11. Barbosa-Pereira, L.; Angulo, I.; Paseiro-Losada, P.; Cruz, J.M. Phenolic profile and antioxidant properties of a crude extract obtained from a brewery waste stream. Food Res. Int. 2013, 51, 663–669. [Google Scholar] [CrossRef]
  12. Campos, M.G.R.; Frigerio, C.; Lopes, J.; Bogdanov, S. What is the future of Bee-Pollen? J. Api. Product Api. Med. Sci. 2010, 2, 131–144. [Google Scholar] [CrossRef]
  13. de Almeida-Muradian, L.B.; Pamplona, L.C.; Coimbra, S.; Barth, O.M. Chemical composition and botanical evaluation of dried bee pollen pellets. J. Food Compos. Anal. 2005, 18, 105–111. [Google Scholar] [CrossRef]
  14. Féas, X.; Vázquez-Tato, M.P.; Estevinho, L.; Seijas, J.A.; Iglesias, A. Organic Bee Pollen: Botanical Origin, Nutritional Value, Bioactive Compounds, Antioxidant Activity and Microbiological Quality. Molecules 2012, 17, 8359–8377. [Google Scholar] [CrossRef]
  15. Halbritter, H.; Ulrich, S.; Grímsson, F.; Weber, M.; Zetter, R.; Hesse, M.; Buchner, R.; Svojtka, M.; Frosch-Radivo, A. Illustrated Pollen Terminology; Springer: Cham, Switzerland, 2018. [Google Scholar]
  16. Barth, O.M.; Freitas, A.S.; Oliveira, É.S.; Silva, R.A.; Maester, F.M.; Andrella, R.R.; Cardozo, G.M. Evaluation of the botanical origin of commercial dry bee pollen load batches using pollen analysis: A proposal for technical standardization. Acad. Bras. Ciências 2010, 82, 893–902. [Google Scholar] [CrossRef] [PubMed]
  17. Sorkun, K. Türkiye’nin Nektarlı Bitkileri, Polenleri ve Balları; Palme Yayıncılık: Ankara, Turkey, 2008. [Google Scholar]
  18. Dufour, C.; Fournier, V.; Giovenazzo, P. Diversity and nutritional value of pollen harvested by honey bee (Hymenoptera: Apidae) colonies during lowbush blueberry and cranberry (Ericaceae) pollination. Can. Èntomol. 2020, 152, 622–645. [Google Scholar] [CrossRef]
  19. Fabre, N.; Rustan, I.; de Hoffmann, E.; Quetin-Leclercq, J. Determination of flavone, flavonol, and flavanone aglycones by negative ion liquid chromatography electrospray ion trap mass spectrometry. J. Am. Soc. Mass Spectrom. 2001, 12, 707–715. [Google Scholar] [CrossRef] [Green Version]
  20. Khoddami, A.; Wilkes, M.A.; Roberts, T.H. Techniques for Analysis of Plant Phenolic Compounds. Molecules 2013, 18, 2328–2375. [Google Scholar] [CrossRef] [PubMed]
  21. Albuquerque, B.R.; Heleno, S.A.; Oliveira, M.B.P.P.; Barros, L.; Ferreira, I.C.F.R. Phenolic compounds: Current industrial applications, limitations and future challenges. Food Funct. 2020, 12, 14–29. [Google Scholar] [CrossRef]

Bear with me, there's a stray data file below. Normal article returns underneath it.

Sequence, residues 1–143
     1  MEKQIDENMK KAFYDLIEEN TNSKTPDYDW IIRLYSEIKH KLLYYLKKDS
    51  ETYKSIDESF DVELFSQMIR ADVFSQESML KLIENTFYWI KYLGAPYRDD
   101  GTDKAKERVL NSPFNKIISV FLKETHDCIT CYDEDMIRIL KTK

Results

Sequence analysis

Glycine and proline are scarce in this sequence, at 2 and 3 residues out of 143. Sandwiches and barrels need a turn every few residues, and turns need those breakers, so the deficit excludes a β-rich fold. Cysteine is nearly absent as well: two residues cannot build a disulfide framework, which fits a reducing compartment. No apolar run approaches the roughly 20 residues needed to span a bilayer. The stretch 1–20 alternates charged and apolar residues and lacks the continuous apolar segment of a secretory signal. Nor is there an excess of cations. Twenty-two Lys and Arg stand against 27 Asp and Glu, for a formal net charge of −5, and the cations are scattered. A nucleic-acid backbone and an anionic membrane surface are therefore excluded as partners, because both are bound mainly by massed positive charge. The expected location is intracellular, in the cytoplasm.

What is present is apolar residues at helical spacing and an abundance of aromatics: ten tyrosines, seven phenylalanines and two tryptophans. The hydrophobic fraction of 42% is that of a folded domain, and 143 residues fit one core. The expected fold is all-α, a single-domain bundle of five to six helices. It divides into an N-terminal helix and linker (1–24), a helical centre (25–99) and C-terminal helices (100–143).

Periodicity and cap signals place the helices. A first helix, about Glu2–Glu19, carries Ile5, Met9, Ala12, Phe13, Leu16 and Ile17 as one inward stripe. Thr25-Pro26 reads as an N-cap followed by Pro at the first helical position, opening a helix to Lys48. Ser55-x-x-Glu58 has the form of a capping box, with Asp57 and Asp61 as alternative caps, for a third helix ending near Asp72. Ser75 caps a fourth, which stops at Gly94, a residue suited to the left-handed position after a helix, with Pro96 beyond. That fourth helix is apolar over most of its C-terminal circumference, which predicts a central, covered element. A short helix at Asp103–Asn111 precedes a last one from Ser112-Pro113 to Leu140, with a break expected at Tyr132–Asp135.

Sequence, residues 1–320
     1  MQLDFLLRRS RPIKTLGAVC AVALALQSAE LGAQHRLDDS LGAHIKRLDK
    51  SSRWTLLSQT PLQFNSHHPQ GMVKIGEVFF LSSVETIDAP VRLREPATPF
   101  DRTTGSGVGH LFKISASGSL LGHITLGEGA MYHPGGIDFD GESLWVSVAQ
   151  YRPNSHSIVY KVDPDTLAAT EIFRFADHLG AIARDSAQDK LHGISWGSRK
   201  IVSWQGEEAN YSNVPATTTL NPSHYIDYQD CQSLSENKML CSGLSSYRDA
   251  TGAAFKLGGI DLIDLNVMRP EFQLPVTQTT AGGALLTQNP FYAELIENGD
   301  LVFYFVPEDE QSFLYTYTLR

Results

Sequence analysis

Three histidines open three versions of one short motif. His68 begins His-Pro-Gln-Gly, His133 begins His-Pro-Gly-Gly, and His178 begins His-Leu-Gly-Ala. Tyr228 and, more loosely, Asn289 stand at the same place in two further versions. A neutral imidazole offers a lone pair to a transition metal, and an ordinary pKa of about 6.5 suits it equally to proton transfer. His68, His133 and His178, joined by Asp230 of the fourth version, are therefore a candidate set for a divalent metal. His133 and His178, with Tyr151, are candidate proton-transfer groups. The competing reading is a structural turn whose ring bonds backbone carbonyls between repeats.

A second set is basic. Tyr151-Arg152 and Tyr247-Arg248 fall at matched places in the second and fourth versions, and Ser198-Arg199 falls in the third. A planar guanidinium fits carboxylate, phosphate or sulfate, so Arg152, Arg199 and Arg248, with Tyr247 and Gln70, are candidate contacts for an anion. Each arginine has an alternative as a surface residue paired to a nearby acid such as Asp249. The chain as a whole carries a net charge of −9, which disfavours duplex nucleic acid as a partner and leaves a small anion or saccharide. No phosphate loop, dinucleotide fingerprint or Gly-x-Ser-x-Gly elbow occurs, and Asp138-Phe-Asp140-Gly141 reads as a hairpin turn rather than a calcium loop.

22. Han, X.; Shen, T.; Lou, H. Dietary Polyphenols and Their Biological Significance. Int. J. Mol. Sci. 2007, 8, 950–988. [Google Scholar] [CrossRef] [Green Version]
  23. Kieliszek, M.; Piwowarek, K.; Kot, A.M.; Błażejak, S.; Chlebowska-Śmigiel, A.; Wolska, I. Pollen and bee bread as new health-oriented products: A review. Trends Food Sci. Technol. 2018, 71, 170–180. [Google Scholar] [CrossRef]
  24. Ulusoy, E.; Kolayli, S. Phenolic Composition and Antioxidant Properties of Anzer Bee Pollen. J. Food Biochem. 2013, 38, 73–82. [Google Scholar] [CrossRef]
  25. Freire, K.R.L.; Lins, A.C.S.; Dórea, M.C.; Santos, F.A.R.; Camara, C.A.; Silva, T.M.S. Palynological Origin, Phenolic Content, and Antioxidant Properties of Honeybee-Collected Pollen from Bahia, Brazil. Molecules 2012, 17, 1652–1664. [Google Scholar] [CrossRef] [Green Version]
  26. Kalaycıoğlu, Z.; Kaygusuz, H.; Döker, S.; Kolaylı, S.; Erim, F. Characterization of Turkish honeybee pollens by principal component analysis based on their individual organic acids, sugars, minerals, and antioxidant activities. LWT 2017, 84, 402–408. [Google Scholar] [CrossRef]
  27. Domenici, V.; Gabriele, M.; Parri, E.; Felicioli, A.; Sagona, S.; Pozzo, L.; Biondi, C.; Pucci, L. Phytochemical composition and antioxidant activity of Tuscan bee pollen of different botanic origins. Ital. J. Food Sci. 2015, 27, 248–259. [Google Scholar]
  28. Mărghitaş, L.A.; Stanciu, O.G.; Dezmirean, D.S.; Bobis, O.; Popescu, O.; Bogdanov, S.; Campos, M.G. In vitro antioxidant capacity of honeybee-collected pollen of selected floral origin harvested from Romania. Food Chem. 2009, 115, 878–883. [Google Scholar] [CrossRef]